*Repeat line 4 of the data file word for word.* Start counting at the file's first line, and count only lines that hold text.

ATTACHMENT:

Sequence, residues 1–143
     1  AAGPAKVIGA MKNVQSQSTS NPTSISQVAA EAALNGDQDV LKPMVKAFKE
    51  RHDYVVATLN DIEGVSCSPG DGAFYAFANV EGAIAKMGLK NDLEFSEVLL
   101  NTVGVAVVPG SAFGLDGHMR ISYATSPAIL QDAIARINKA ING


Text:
   101  NTVGVAVVPG SAFGLDGHMR ISYATSPAIL QDAIARINKA ING